Tiny worms help open up deep space travel
Millions of microscopic worms are helping scientists overcome the threats posed by space travel to astronauts' health, and could also help prevent muscle degradation in the elderly.
The Caenorhabditis elegans worms were flown into space onboard the Space Shuttle Atlantis, spending 11 days in orbit onboard the International Space Station.
Nottingham University physiologists were studying the effectiveness of RNA interference (RNAi), a technique for regulating gene expression in diseased tissue. And they found that it appears to work normally in space, meaning it could be used to reduce or control the dramatic muscle loss experienced by astronauts during spaceflight.
"It was really a quite straightforward experiment. Once the worms were in space the scientists onboard the International Space Station treated them with RNAi and then returned them to us for post flight analysis," says Dr Nathaniel Szewczyk from the university's Division of Clinical Physiology.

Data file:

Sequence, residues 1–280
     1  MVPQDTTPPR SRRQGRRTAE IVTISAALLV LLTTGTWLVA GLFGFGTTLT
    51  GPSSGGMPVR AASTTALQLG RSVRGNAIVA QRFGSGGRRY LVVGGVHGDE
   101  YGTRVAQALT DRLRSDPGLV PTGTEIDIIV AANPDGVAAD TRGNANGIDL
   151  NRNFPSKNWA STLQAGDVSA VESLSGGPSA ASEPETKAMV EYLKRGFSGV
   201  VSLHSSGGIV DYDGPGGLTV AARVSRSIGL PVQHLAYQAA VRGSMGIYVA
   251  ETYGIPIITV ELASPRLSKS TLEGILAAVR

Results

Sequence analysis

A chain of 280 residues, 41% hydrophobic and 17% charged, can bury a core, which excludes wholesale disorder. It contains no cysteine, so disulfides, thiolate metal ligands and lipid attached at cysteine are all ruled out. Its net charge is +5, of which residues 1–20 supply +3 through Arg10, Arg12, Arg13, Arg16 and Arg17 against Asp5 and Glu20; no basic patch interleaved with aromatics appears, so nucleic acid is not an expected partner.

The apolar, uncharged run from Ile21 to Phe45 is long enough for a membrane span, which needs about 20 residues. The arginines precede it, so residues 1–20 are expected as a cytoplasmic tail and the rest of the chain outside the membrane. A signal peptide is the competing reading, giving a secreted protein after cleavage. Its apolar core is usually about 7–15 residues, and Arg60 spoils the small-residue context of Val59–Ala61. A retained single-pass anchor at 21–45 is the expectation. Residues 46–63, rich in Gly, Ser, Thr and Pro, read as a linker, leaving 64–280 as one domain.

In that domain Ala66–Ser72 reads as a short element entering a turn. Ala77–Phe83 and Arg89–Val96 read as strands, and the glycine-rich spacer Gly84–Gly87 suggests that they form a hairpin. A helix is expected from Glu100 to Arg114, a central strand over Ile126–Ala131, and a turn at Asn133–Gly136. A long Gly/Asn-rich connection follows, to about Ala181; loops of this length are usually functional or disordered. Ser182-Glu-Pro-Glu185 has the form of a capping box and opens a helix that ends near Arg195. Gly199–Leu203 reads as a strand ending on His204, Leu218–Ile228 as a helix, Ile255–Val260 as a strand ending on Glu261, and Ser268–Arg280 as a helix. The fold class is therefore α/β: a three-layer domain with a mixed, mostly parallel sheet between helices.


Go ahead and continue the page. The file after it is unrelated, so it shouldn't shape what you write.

"These results are very exciting, as they provide a valuable experimental tool for spaceflight research and clearly demonstrate that RNAi can be used effectively to block proteins which are needed for muscle to shrink."
RNAi is already the subject of more than a dozen clinical trials, targeting illnesses ranging from cancer to asthma. The researchers say this latest discovery will also help people who suffer from muscle wasting caused by illness and old age.
The findings, says colleague Timothy Etheridge, were "a very welcome surprise."